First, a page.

A day after the mass shooting at the First Baptist Church in Sutherland Springs, Texas, a collection of law enforcement, including Texas Department of Public Safety and the ATF, gave an update on the investigation. Twenty-six people were killed in the massacre and another 20 people were injured.
"He came there to kill everybody in that building. Period," a source familiar with the investigation told ABC News. "He was there to kill everybody. He is a mass killer of children and people ... he is a horrible monster," the source added.
According to authorities, at least 23 people, whose ages ranged from 18 months to 77 years old, died at the church. One person had died outside the sanctuary and another two died at the hospital.
An armed resident who encountered the gunman Devin Kelley shot at the suspect as he tried to make his escape, authorities said. Kelley had dropped his assault-style rifle and was shot during this face-off.
That neighbor was able to fire two to three rounds at Kelley as he left the church. Kelley returned fire with a handgun before getting in his vehicle and speeding from the scene.
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Kelley led two private citizens on a pursuit for six miles that ended with his vehicle running off the road and into a ditch. He was later found dead with what may be a self-inflicted gunshot.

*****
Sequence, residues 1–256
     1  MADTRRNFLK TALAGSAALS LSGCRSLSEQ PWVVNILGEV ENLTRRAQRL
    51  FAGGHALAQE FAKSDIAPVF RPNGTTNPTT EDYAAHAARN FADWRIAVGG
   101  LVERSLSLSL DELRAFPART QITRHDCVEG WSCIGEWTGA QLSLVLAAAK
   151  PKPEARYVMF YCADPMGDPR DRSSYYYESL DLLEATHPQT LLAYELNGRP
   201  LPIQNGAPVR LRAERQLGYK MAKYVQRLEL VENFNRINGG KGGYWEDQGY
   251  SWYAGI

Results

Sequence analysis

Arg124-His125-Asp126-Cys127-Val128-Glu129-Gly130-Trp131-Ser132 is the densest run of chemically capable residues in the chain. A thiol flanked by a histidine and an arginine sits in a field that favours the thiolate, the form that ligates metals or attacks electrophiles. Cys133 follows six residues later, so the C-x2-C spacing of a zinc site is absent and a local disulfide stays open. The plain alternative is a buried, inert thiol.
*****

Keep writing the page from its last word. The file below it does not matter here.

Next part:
A rifle and two additional handguns were recovered between the church and the suspect's vehicle. Kelley did not have a license to carry any of the firearms, according to the ATF.
Authorities confirmed that Kelley had served in the U.S. Air Force and that he was dishonorably discharged, which would result in him being restricted from firearms purchases.
Kelley bought weapons at an Academy store in San Antonio, according to law enforcement sources.
Academy issued the following statement: "Academy Sports + Outdoors sends our deepest condolences to the families of the victims and the entire Sutherland Springs community. Based on the information we received from law enforcement, we confirmed that the suspect purchased two firearms from two San Antonio locations, one in 2016 and one in 2017. We also confirmed that both sales were approved by the National Instant Criminal Background Check System (NICS). We are cooperating with law enforcement as they investigate further."
Authorities also said Kelley's mother-in-law attended the church and that there was a domestic spat between the two leading up to the shooting. It was not known if Kelley's relative was attending services when the shooting happened.
It is not believed that the shooting was racially or religiously motivated, and terrorism is not under investigation.
Wilson County Sheriff Joe Tackitt spoke with ABC11's sister station KTRK Monday morning and said 12 to 14 children were among the victims of the shooting.
The superintendents of the three area school districts where the youngest of the victims attended classes or who had friends or family there came together to express their grief Monday afternoon.